Skip to Main ContentSkip to Footer


What is achondroplasia?

Achondroplasia is a type of rare genetic bone disorder. Achondroplasia is the most common type of these disorders. It causes the strong, flexible tissue called cartilage to not be made into bone as normal. This causes a series of signs, such as short arms and legs and a large head. This condition used to be called dwarfism. A boy with the condition will reach an average adult height of about 4 feet, 4 inches (52 inches). A girl with the condition will reach an average adult height of about 4 feet, 1 inch (49 inches). People with achondroplasia have normal intelligence and normal lifespan.

What causes achondroplasia?

Achondroplasia is a genetic disease. It is an autosomal dominant disease. This means that only one abnormal gene inherited from one parent leads to the condition. Most cases of achondroplasia are from a new gene mutation in families. This means the parents are average height and do not have the abnormal gene.

Which children are at risk for achondroplasia?

Having a parent with achondroplasia increases the risk of being born with the condition. But most babies born with the condition do not have a family history of it.

What are the signs of achondroplasia?

Signs can occur a bit differently in each child. They can include

  • Large head size with large forehead
  • Flattened bridge of nose
  • Crowded or crooked teeth
  • Short arms, legs, and fingers, but normal-sized torso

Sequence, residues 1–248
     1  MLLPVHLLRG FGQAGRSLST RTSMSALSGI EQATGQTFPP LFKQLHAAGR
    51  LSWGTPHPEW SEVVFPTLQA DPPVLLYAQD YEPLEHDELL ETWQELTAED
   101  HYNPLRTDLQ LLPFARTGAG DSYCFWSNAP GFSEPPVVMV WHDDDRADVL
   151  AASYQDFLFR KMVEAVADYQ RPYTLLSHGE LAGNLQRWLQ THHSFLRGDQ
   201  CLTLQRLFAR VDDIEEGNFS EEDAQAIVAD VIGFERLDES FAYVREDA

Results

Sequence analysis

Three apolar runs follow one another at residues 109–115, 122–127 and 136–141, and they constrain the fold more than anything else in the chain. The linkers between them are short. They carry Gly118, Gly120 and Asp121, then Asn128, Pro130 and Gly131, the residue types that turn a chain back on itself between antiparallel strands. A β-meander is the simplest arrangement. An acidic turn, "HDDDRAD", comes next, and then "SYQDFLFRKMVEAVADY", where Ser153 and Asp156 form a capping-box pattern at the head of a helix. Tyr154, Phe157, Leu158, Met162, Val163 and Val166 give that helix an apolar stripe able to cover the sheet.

• Upper arms and thighs more shortened
  • Bowed lower legs
  • Curved lower spine (lordosis or sway-back), which may lead to hunchback (kyphosis)
  • A small hump near the shoulders that usually goes away after a child begins walking
  • Flat feet that are short and broad
  • Extra space between the middle and ring fingers (trident hand)
  • Poor muscle tone and loose joints
  • Short spells of slow or stopped breathing (apnea)
  • Middle ear infections that occur often, which may lead to hearing loss
  • Delayed development milestones, such as walking occurring at 18 to 24 months instead of at 12 months
  • Small canals in the spinal bones that can cause breathing problems

The signs of achondroplasia can be like other health conditions. Make sure your child sees his or her healthcare provider for a diagnosis.

How is achondroplasia diagnosed?

Achondroplasia can be diagnosed before birth by fetal ultrasound. This test uses sound waves and a computer to create images of the baby growing in the womb. DNA testing can also be done before birth to confirm fetal ultrasound results.

The condition can also be diagnosed after birth with a physical exam. You can track your child's growth for any signs of slowing. In particular, note if it's different from how your other children grew.

How we treat Achondroplasia

There is no treatment for changing the condition. But different kinds of treatment can be done to help relieve problems caused by the condition.

Surgery may be done to

  • Treat hunchback (kyphosis)
  • Lengthen the legs, in some cases
  • Treat bowing of the legs

Other treatments may include

  • Fixing dental problems. A child may need to be treated by an orthodontist. This is a dentist with special training in fixing the alignment of teeth.
  • Treating ear infections right away. This is to avoid the risk of hearing loss.
  • Tests to look for bone problems. The spine needs to be checked to prevent breathing problems. Breathing problems can happen if the upper end of the spine is compressed.

Other bones need to be checked to prevent leg pain or loss of function.

Treatment with growth hormone does not largely affect the height of a person with achondroplasia.

Programs and Services

Related programs and services include:


2200 Children's Way, Suite 4202
Nashville, TN 37232
Vanderbilt Health Hendersonville
128 North Anderson Lane
Hendersonville, TN 37075
Today's hours:Closed
2102 West Northfield Boulevard
Murfreesboro, TN 37129